The Dull family put down multiple offers on multiple houses across the Greater Susquehanna Valley over the last few months, but faced fierce competition each time.
Northumberland borough residents Chad and Ashley Dull, who have a 3-year-old daughter Peyton and a daughter due in November, said they toured “countless homes” in Lewisburg, Northumberland, Selinsgrove, Shamokin Dam, New Columbia and other towns but they were outbid any time they made an offer.
When they finally had one accepted on a home in Shamokin Dam, it came after a swift tour, with a house only two days on the market. They made an immediate offer, and wrote a heartfelt letter to the sellers about why they loved the home.
“I was getting discouraged again and again,” said Ashley Dull, 32. “It felt like we wanted to give up (before the offer was accepted).”
Their story is a similar one in the world of real estate in 2020. Many buyers are touring multiple homes, according to Realtor Aimee Buehner, associate broker of Bowen Agency Realtors and president of the Central Susquehanna Valley Board of Realtors. Sellers are grateful for the quick sales.
“This is absolutely the busiest I’ve ever been,” said Buehner. “I would say in the 12 or 13 years I’ve been doing this, I have not seen a market like this one.”
RE/MAX LLC, a global real estate franchisor, reported that July home sales jumped 8.7 percent despite low inventory, halting a streak of year-over-year monthly sales declines in April, May and June triggered by the COVID-19 pandemic.
July was the best month in the report’s history.
It set a record for most home sales in any month among the report’s 53 metro markets. Seven months into 2020, home sales are just 4.8 percent below 2019, compared to the end of May when the year-to-date total was 8.9 percent behind last year’s pace. Monthly sales in 2020 have exceeded 2019 in four out of seven months thus far, according to RE/MAX.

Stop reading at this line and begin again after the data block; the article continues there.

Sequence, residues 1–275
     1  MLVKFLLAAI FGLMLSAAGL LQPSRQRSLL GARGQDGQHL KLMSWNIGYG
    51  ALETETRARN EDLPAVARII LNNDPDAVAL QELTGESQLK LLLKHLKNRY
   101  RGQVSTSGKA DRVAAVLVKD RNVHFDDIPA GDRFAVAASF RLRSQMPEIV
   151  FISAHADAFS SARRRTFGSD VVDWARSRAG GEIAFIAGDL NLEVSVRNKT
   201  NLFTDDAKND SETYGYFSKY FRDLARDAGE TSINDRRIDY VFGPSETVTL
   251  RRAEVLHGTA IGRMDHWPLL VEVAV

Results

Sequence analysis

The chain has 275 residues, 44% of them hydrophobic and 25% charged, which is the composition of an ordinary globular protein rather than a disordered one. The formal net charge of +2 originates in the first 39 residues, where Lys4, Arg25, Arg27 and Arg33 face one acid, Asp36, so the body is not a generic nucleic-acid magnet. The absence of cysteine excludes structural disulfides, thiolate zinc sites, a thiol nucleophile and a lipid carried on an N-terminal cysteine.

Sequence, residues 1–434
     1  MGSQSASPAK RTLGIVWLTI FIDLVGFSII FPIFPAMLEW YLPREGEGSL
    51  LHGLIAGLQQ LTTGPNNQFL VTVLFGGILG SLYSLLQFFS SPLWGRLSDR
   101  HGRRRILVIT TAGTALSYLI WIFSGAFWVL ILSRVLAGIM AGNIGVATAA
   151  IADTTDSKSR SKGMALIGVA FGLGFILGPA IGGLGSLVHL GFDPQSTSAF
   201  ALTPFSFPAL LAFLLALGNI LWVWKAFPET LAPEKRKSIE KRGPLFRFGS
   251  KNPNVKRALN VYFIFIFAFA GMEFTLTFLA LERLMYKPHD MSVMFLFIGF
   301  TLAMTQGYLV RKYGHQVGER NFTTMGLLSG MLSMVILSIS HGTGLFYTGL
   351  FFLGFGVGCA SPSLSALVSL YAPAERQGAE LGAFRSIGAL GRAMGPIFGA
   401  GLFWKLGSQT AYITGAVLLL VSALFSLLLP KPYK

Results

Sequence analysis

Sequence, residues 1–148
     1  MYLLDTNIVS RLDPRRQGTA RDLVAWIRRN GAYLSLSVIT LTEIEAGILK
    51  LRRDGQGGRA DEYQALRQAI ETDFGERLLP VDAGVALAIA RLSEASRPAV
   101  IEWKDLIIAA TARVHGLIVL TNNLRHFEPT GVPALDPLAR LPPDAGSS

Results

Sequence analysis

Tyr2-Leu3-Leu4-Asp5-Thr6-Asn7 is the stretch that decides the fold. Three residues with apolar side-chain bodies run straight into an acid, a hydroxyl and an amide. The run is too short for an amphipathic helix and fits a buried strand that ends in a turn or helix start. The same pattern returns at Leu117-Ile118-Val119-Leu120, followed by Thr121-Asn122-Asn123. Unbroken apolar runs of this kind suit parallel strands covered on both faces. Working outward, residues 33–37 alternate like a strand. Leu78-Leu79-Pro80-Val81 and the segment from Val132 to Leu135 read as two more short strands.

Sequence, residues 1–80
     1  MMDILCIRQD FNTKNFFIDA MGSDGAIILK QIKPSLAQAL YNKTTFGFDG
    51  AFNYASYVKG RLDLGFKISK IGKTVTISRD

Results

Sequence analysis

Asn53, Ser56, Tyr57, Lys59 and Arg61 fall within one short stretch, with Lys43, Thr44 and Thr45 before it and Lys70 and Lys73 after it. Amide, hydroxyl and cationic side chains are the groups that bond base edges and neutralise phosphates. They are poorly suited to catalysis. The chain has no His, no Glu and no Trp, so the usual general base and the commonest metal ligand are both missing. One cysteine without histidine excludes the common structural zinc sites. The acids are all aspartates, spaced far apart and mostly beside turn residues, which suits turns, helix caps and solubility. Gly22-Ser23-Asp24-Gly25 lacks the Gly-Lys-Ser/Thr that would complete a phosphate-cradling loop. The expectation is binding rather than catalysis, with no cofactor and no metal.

A combination of historic low interest rates and a lack of inventory over the last 12 months has created “a textbook seller’s market,” Buehner said. “Buyers are in a position to look quickly and act quickly and many properties are going under agreement in a very short period of time with multiple offers.”
The lack of inventory has been described nationwide. People are staying in place longer, some are moving in with family members and homeowners have not been selling, she said.
“That was a bit exaggerated because of the pandemic,” said Buehner. “People realized where they live is not adequate for working from home, which has become a reality for folks. That’s a big part of it.”
Ann M. Hilliard, broker and owner of RE/MAX Bridges in Lewisburg and Watsontown and RE/MAX River Valley Realty in Northumberland, said the market is “crazy.”
“Certain price ranges are literally flying off the market,” said Hilliard. “I’ve got buyers I’m working with that are in that $150,000 - $225,000 price range. I schedule showings on new listing on Tuesday for a 7:30 p.m. showing Wednesday and receive notification that no more showings after mine and all offers being presented before noon on Thursday.”
Buyers are offering over asking price, sometimes as much as $20,000 and still not being successful in their quest to purchase, she said.
“We are seeing historically low interest rates,” she said. “I work with mostly local lenders and they’re at 2.4 for a conventional rate. That’s unheard of.”
Appraisers are booked out four weeks, she said.
During the March shutdown to curb the spread of the coronavirus, Gov. Tom Wolf ordered the closure of all nonessential businesses in an effort to slow the spread of the novel coronavirus. That included real estate companies until May.
“With all of that said, we are in some ways behind where we would have been had we not been shut down during COVID. We were classified as nonessential and were not permitted to conduct any business activities during what is normally our busiest listing time,” said Hilliard. “It’s a catch 22. Sellers aren’t putting their properties on the market because they can’t find something to buy so there is a pent up demand by buyers because there’s nothing to buy.”
Buehner said prior to the pandemic, people who were looking but couldn’t find anything were forced to wait. Now there’s a surplus of buyers and a lack of properties for sale. “Sprinkle in the historically low mortgage rates and here we all are,” she said.